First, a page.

The interaction between exchange rates and stock prices.
For you to prepare your MBA dissertation in stock markets, it is crucial to lay out exhaustive internet research as well as book reading in order to gather relevant data in the topic. When it comes to dissertations on stock markets, it is essential to come up with substantial scholarly papers about it which are hinged on the most recent information and up-to-date data.
Volatility in financial markets: The impact of the global financial crisis 15 Chapter 1 Introduction 1.1 Introduction This dissertation focuses on volatility in financial markets, with a special concern for: (i) volatility transmission between different financial markets and asset.
The world’s first stock exchange (New York: Columbia University Press, 2014) is a popular adaptation of Lodewijk Petram’s PhD-thesis.Both the book and the thesis are based on the same research, yet they differ in emphasis. The thesis argues that the Amsterdam market for VOC shares can be seen as a “modern” stock market—the first modern stock market in history—while the focus in the.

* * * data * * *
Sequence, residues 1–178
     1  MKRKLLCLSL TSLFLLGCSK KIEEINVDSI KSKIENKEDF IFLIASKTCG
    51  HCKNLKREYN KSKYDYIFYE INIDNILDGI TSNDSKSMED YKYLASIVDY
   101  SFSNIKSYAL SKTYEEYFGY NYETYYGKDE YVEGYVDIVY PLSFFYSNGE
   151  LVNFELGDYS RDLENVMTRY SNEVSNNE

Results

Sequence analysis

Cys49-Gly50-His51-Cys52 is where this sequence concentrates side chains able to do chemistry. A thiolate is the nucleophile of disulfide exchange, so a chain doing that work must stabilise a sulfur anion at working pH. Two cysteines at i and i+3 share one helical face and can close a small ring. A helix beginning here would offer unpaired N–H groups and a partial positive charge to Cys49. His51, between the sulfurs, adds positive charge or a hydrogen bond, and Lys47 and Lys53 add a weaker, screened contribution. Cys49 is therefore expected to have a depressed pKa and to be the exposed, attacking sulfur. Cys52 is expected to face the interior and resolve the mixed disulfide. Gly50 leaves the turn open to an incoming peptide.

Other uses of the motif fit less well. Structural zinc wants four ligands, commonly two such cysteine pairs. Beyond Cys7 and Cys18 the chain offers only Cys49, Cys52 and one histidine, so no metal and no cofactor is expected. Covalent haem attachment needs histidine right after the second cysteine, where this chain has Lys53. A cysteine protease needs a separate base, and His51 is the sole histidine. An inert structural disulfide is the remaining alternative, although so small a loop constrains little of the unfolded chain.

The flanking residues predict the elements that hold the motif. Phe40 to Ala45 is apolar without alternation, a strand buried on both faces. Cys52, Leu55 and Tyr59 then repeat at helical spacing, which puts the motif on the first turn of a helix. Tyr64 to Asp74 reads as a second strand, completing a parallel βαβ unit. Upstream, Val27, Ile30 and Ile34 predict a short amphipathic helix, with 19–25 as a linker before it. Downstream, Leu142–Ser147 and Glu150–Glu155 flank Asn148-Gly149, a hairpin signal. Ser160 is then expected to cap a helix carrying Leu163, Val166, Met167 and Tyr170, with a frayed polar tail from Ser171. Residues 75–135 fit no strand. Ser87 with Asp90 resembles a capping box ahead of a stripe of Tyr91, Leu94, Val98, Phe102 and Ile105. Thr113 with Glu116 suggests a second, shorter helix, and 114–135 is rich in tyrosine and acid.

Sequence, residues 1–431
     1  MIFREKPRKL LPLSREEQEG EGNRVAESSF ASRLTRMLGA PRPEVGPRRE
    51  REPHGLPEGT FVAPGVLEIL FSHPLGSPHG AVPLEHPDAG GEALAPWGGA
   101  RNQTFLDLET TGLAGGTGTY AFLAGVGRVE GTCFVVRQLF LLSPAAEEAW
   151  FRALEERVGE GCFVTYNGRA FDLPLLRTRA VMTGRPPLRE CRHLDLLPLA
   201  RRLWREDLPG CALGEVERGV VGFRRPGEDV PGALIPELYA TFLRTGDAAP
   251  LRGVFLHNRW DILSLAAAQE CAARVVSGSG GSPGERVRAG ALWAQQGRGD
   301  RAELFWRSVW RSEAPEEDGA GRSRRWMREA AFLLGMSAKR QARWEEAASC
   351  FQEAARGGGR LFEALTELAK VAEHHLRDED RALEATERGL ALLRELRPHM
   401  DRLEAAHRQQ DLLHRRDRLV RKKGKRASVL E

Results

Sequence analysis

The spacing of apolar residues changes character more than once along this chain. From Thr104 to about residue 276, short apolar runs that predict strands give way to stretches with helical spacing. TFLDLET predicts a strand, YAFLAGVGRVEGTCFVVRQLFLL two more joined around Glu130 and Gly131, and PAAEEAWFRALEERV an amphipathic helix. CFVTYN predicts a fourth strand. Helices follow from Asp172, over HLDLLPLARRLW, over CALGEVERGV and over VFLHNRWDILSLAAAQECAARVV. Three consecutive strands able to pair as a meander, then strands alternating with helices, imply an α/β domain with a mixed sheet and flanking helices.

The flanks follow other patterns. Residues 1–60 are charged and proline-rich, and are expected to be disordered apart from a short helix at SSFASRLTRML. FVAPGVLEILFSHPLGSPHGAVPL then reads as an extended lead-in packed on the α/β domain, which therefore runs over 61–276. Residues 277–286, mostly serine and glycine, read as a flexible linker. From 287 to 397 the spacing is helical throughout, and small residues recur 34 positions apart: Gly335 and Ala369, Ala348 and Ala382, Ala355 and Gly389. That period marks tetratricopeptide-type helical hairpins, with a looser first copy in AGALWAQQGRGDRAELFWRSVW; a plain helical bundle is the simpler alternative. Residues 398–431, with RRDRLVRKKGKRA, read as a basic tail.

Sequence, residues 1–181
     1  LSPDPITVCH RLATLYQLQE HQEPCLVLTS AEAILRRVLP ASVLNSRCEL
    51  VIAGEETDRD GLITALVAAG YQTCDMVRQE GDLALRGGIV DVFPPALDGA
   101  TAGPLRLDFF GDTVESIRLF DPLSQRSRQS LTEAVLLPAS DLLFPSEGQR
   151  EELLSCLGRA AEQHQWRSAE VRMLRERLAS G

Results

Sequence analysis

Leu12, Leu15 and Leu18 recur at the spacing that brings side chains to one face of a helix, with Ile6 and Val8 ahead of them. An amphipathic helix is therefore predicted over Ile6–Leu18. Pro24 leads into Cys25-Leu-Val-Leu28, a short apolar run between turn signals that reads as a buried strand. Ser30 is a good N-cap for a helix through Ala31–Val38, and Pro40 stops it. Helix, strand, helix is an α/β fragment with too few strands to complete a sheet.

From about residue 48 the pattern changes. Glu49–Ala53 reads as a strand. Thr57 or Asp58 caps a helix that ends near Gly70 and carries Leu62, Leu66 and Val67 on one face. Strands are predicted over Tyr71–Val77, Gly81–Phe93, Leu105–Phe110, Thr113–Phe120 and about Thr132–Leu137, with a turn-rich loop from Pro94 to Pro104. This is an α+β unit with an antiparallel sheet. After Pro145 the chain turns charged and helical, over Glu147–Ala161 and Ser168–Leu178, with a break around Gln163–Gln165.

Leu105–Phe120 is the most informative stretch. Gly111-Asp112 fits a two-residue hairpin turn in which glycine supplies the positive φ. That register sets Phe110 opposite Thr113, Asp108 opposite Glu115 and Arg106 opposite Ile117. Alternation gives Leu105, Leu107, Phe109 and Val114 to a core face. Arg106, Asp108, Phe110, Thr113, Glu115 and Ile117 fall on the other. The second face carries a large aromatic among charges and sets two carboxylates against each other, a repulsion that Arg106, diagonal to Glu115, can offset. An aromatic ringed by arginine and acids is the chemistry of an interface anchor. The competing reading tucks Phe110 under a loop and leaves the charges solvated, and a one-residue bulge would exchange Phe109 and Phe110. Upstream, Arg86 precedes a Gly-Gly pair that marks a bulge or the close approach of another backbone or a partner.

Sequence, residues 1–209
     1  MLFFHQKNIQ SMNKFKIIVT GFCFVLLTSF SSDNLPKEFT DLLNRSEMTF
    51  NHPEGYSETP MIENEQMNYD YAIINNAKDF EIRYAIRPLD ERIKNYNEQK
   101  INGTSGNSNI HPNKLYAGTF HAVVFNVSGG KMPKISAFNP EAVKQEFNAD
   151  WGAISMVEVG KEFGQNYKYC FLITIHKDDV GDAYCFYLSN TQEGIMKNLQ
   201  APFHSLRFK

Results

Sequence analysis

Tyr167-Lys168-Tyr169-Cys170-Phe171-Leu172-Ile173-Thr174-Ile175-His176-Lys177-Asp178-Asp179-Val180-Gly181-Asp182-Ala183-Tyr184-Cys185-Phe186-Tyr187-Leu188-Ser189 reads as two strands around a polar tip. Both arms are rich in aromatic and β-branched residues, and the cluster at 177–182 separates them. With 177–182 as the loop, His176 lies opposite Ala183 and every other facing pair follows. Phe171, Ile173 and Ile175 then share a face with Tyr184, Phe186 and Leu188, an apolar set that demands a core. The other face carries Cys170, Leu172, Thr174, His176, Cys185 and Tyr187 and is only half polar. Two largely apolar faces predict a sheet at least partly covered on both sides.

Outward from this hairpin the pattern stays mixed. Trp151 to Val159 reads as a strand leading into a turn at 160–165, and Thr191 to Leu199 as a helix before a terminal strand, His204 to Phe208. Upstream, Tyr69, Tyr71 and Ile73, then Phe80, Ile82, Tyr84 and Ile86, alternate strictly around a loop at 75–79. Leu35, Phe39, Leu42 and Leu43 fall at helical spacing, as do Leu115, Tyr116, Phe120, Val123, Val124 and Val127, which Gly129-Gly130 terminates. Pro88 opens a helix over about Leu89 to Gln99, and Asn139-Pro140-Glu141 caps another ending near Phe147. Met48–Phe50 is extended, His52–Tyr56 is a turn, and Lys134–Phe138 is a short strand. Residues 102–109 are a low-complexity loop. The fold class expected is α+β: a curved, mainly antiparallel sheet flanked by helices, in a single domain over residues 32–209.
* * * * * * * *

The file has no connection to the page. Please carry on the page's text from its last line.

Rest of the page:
Stock market dissertation topics. Financial market risk analysis: the case of Indian stock market. Chinese stock markets: example to follow and implications for Western stakeholders. The changing role of the IMF in emerging markets. Derivatives markets’ rise and development in the Arab countries.
In this thesis the behaviour of stock returns of firms listed on the Amman Stock Market is examined. The thin trading characteristic of the market is emphasised and its possible effects on empirical investigations are analysed. The first four chapters contain a review of the literature on the importance of stock markets, the Efficient Market Theory and the Capital Asset Pricing Model.
This thesis is an empirical study of the volatility and correlation in financial markets, and consists of two parts: The first part is on econometric modeling of the volatility and correlation (Chapter 1). The second part is on the pricing implication of the correlation and volatility as risk factors (Chapter 2 and 3).
This thesis explores various aspects of long memory behaviour in African stock markets (ASMs). First, we examine long memory in both equity returns and volatility using the weak-form version of the efficient market hypothesis (EMH) as a criterion. The results show that these markets (largely) display a predictable component in returns; while.